On Thursday April 30, contact your “finalists” (at least 3) and let them know you’re going to buy your car from the dealer that reduces his price to you by the most. Reemphasize that their price must be final, out-the-door. At even the mere “hint” of a shenanigan, you’ll vanish, and they’ll never see or hear from you again.

My regular readers know that you should arrange your own financing with your bank or credit union. The only exception is low interest financing offered by the manufacturer. If you have a trade-in, you should have already shopped its value with Carvana, www.WeBuyAnyCar.com, CarMax, and AutoNation. Also, get bids from the used car departments of dealers that sell the same make of car as you’re trade-in.

If you follow these guidelines, I strongly believe that you will get the best deal on your next new or used car that you ever had; but let me close with one big caveat. You’re getting a great deal because car dealers and auto manufacturers are desperate. Desperation inspires both giving you a great discount or tricking you into believing you’re getting a great price when it’s not. Caveat Emptor/Buyer Beware. Good luck, and stay safe.

Monday, March 23, 2020

WORLD CRISES & U.S. LEADERS

Please excuse this column’s deviation from Earl Stewart on Cars automotive theme. I started to write a column on “How not to get ripped off by your car dealer”, but it seemed rather unimportant in view of the Coronavirus threat.

My father, Earl Stewart Sr., was born in 1892. He was an avid Republican and disliked Franklin Roosevelt and Harry Truman.

I’m old enough to remember that he strongly supported Harry Truman in World War II because he was our president and the leader of our country. After the war was over, he regressed to referring to President Truman as “that G.D. Haberdasher”. 😃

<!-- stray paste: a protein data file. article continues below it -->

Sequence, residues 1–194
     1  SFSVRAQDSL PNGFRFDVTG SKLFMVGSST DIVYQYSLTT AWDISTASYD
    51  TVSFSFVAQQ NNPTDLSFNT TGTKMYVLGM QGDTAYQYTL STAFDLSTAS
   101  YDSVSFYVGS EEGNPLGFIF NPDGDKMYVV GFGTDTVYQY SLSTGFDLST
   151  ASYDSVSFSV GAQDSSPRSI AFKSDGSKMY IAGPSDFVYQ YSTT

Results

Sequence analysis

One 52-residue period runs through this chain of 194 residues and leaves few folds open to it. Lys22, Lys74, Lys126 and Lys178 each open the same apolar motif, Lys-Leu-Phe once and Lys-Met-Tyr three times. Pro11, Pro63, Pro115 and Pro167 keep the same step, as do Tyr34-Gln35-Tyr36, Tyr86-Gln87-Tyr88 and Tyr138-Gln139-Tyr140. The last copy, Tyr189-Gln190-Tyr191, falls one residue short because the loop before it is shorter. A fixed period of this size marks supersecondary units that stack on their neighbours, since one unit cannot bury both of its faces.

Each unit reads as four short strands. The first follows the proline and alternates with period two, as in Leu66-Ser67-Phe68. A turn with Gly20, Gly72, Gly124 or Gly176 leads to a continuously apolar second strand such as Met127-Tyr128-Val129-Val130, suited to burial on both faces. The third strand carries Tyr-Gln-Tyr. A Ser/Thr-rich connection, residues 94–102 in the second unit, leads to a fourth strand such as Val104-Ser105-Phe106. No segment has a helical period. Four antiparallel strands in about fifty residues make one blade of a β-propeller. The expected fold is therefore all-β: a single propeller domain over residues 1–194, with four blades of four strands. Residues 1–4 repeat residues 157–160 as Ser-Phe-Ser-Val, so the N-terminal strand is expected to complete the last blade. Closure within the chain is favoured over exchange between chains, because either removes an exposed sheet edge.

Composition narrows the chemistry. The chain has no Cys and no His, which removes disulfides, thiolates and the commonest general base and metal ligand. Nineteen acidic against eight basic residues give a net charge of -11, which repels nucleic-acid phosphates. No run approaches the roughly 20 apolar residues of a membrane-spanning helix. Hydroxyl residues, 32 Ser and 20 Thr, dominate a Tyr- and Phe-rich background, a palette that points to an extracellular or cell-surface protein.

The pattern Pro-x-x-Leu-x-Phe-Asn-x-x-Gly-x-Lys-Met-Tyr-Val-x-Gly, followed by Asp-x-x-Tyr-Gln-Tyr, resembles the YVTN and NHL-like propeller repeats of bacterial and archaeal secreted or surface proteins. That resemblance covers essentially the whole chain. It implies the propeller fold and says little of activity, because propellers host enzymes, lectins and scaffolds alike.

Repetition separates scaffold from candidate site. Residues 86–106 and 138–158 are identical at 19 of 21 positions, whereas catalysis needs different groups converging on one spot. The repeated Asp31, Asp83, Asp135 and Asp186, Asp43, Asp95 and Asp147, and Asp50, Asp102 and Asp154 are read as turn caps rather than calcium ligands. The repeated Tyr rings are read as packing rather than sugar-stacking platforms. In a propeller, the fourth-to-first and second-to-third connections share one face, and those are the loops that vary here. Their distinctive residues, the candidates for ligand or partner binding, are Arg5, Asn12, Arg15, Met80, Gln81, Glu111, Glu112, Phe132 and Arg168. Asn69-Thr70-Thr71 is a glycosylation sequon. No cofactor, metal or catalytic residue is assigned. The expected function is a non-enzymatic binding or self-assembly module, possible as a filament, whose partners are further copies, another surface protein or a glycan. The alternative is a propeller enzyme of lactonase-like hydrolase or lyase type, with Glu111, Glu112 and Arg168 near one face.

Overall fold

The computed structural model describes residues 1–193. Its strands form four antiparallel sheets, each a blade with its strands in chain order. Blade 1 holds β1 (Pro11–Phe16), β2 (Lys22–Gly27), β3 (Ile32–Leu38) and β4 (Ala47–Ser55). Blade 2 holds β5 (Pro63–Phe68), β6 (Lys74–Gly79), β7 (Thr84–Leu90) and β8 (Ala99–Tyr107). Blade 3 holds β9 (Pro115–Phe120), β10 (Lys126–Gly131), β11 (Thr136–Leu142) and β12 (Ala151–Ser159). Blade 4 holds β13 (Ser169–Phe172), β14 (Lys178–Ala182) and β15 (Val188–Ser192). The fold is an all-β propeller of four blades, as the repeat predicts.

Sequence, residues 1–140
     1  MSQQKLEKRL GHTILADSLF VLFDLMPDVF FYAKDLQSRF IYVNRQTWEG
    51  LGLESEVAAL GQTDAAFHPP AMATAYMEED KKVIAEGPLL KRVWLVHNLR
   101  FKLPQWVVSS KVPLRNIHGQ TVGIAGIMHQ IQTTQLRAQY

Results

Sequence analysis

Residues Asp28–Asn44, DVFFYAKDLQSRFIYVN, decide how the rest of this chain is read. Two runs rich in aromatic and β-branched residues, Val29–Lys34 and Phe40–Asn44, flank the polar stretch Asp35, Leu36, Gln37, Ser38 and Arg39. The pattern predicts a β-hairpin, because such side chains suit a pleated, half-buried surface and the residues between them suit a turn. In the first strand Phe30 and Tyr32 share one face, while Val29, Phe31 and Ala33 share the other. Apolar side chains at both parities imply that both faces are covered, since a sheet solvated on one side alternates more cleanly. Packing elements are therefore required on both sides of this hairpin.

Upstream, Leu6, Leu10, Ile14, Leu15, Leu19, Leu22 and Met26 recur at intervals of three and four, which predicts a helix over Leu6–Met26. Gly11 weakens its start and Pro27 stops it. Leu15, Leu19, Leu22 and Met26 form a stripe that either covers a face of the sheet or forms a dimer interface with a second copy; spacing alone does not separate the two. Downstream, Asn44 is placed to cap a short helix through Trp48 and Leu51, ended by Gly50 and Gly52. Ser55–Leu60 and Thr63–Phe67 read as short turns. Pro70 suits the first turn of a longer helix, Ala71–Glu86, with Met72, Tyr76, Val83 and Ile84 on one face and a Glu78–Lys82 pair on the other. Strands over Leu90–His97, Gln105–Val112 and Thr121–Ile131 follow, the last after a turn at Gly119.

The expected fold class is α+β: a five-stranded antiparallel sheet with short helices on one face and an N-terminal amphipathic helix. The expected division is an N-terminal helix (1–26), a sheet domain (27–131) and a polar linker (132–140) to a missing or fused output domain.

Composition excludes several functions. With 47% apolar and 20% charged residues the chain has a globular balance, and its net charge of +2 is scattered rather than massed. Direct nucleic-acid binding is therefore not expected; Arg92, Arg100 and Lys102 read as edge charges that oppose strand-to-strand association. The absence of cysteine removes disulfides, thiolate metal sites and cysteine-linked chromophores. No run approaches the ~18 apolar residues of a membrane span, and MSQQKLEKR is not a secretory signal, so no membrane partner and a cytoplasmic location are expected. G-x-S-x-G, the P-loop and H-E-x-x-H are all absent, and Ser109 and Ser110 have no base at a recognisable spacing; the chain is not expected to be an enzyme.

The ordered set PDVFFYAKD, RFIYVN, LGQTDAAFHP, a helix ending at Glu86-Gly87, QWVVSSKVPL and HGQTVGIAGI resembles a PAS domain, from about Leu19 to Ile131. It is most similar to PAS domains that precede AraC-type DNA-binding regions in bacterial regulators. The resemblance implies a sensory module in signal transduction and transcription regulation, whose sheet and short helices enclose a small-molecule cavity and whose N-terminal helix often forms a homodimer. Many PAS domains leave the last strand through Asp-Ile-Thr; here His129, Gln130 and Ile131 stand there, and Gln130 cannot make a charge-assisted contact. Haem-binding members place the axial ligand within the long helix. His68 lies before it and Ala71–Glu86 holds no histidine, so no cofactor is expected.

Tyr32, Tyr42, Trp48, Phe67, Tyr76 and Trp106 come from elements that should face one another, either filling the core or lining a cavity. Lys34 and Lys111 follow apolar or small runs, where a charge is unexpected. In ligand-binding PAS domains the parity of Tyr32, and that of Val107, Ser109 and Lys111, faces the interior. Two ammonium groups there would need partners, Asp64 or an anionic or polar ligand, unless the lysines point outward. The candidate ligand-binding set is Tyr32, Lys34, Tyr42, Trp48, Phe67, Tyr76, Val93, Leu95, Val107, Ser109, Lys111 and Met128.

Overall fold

He told me that he also supported Franklin Roosevelt during WWI.

The Coronavirus, Covid-19, is potentially a greater threat to humanity than WWI or WWII. As I write this, nobody knows just how many lives will be lost or how much damage it will have on the world economy. We must hope for the best and prepare for the worst.

There’s almost no one alive today who was alive during WWI and very few that were during WWII. History tells us a lot about how the “free world” survived those times. Survival is our strongest instinct and the USA did what had to be done for us and the rest of the free world to survive. Looking back on some of the decisions our leaders made, there’s lots of controversy…Interring Japanese Americans in camps in California, killing millions of innocent civilians in Hiroshima, and Nagasaki, and knowingly sacrificing 37,000 American and allied soldiers during the Normandy Invasion. Arguments are made today on both sides of these and many other issues; but during WWII, there was no time for arguments or even compromise. Time was of the essence and our survival was at stake.